• No longer a disease of the elderly. More and more cases are being diagnosed in adults of working age, and we don’t know why.
  • A disease with one of the worst survival rates of any cancer. The 5-year survival rate of 6-9% for CCA in Europe drops to 2% for some types that are not caught early (across all cancers in England, 5-year survival is 54%).
  • Potentially curable if caught early. Surgery (liver resection) is currently the only potentially curative treatment.
  • Difficult to spot early due to signs and symptoms that can be vague and non-specific to CCA.
  • Mostly diagnosed late and as an emergency via A&E. More needs to be done to help diagnose cholangiocarcinoma at a much earlier stage.
  • Often missed, misdiagnosed and managed too late. That’s why AMMF is asking everyone with the power to create change to Rethink Liver Cancer.

What is Liver Cancer?

Did you know that there are two types of primary liver cancer?

  • The type that starts in the liver tissue itself – its medical name is ‘hepatocellular carcinoma’ (HCC).
  • The type that starts in the bile ducts (tubes) – within the liver or outside the liver – its medical name is ‘cholangiocarcinoma’ (CCA) and it is also referred to as ‘bile duct cancer’.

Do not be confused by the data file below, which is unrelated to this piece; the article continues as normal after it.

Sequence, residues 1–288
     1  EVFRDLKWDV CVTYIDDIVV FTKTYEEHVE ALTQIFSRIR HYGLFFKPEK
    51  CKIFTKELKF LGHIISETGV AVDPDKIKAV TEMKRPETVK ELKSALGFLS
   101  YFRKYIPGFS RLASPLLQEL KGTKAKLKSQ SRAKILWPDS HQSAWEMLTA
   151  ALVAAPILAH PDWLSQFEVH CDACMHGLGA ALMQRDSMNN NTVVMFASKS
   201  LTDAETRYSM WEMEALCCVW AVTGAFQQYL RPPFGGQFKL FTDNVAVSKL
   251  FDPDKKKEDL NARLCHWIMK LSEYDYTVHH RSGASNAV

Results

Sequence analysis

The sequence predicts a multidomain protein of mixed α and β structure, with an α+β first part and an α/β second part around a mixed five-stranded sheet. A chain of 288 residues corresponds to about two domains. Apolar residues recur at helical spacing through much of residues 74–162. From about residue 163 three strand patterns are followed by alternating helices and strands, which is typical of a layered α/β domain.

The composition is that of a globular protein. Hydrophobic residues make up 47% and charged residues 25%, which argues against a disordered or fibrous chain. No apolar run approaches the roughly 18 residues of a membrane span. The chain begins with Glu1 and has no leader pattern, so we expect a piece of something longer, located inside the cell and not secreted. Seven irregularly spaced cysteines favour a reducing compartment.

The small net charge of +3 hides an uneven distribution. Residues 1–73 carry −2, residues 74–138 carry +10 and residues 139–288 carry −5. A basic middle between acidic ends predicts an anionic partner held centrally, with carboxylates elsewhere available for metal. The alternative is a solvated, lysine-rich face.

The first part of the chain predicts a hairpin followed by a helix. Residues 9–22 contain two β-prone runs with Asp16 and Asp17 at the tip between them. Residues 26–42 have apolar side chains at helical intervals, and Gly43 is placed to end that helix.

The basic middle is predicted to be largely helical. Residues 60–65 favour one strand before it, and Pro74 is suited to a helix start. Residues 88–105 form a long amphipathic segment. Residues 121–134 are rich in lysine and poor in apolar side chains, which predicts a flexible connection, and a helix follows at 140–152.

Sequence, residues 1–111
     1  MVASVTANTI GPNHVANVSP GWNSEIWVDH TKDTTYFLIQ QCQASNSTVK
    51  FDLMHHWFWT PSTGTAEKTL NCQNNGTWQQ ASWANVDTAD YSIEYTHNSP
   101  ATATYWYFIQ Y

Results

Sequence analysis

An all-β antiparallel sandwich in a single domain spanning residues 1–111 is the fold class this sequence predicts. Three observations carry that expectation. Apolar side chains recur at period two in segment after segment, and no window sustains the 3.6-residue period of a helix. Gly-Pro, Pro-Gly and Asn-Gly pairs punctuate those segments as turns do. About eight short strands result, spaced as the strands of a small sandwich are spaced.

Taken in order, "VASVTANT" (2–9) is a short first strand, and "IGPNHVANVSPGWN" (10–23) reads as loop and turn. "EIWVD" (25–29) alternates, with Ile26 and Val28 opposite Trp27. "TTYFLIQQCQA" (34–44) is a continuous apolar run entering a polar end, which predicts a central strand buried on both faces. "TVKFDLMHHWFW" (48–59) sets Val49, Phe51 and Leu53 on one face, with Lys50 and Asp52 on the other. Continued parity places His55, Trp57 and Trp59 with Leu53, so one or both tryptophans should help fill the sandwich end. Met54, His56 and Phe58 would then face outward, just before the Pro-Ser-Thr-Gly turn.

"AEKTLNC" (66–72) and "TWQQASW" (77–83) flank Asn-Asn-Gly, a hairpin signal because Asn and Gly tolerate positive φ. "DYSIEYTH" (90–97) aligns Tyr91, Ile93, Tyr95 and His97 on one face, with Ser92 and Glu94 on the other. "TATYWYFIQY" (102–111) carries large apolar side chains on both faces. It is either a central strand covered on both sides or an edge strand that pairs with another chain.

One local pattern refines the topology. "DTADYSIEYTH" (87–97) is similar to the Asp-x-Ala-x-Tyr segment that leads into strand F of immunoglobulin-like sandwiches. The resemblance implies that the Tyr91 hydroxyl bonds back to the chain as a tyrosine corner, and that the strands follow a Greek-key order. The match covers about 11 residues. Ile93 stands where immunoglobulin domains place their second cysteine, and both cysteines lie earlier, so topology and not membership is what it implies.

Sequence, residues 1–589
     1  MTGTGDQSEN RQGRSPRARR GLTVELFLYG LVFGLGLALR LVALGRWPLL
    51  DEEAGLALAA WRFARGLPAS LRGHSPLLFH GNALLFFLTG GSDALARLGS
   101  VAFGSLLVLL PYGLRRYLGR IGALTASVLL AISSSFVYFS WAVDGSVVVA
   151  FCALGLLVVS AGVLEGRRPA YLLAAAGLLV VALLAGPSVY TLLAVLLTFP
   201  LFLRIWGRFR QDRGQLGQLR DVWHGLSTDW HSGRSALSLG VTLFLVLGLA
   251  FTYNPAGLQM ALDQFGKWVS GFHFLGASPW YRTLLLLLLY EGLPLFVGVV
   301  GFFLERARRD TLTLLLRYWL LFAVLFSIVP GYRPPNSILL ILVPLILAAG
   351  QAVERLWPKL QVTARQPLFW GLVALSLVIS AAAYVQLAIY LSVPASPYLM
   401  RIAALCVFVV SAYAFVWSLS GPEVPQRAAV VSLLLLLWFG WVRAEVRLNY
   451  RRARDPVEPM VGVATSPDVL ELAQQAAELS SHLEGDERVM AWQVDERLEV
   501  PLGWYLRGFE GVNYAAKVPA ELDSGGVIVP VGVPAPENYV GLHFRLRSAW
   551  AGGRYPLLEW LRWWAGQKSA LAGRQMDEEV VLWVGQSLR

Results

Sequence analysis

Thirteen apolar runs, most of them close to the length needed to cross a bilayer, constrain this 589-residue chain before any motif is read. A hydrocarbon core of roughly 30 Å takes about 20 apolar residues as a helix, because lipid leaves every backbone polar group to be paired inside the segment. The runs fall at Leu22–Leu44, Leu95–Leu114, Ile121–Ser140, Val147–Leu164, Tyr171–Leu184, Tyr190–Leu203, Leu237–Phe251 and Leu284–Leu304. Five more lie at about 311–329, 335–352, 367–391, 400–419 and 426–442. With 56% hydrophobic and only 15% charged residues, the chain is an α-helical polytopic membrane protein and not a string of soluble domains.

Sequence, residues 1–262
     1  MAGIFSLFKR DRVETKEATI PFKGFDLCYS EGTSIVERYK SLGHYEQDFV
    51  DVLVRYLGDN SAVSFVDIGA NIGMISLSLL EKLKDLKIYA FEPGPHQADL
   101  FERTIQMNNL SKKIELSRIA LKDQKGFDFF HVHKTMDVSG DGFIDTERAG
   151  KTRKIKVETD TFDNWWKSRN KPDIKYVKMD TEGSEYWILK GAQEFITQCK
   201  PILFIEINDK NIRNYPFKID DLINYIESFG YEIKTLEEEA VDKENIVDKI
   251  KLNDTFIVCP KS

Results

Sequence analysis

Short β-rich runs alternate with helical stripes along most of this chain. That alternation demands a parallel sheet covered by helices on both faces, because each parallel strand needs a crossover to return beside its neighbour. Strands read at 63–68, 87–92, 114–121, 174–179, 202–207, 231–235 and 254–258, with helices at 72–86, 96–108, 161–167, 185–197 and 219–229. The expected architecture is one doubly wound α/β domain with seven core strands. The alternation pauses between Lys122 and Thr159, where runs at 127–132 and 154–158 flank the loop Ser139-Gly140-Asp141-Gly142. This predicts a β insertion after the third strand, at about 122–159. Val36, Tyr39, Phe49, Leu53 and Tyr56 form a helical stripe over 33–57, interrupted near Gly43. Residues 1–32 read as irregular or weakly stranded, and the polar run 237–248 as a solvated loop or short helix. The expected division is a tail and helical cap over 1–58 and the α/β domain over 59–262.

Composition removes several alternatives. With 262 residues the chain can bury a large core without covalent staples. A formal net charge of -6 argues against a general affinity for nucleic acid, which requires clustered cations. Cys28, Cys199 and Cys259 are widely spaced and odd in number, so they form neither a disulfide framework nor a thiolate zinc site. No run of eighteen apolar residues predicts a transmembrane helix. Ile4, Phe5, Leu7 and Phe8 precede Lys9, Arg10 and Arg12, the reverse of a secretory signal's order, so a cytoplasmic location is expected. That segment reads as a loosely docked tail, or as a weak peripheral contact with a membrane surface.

Most people, including doctors and other health professionals, frequently use the term ‘liver cancer’ to mean only the first type – HCC. This can be confusing as it omits the fact that cholangiocarcinoma is also a primary liver cancer. It is important that CCA is as clearly sign-posted as possible because, unlike HCC, it is a disease without a ‘standard’ patient.

9 out of 10 patients with HCC also have a history of cirrhosis (liver disease) and cancer screening is in place for this well-defined disease and cohort of patients. CCA often occurs in those who do not have a history of liver disease. It is also, increasingly, a disease of all ages, with few known risk factors, and it can present without any clearly identifiable symptoms at all until its advanced stages.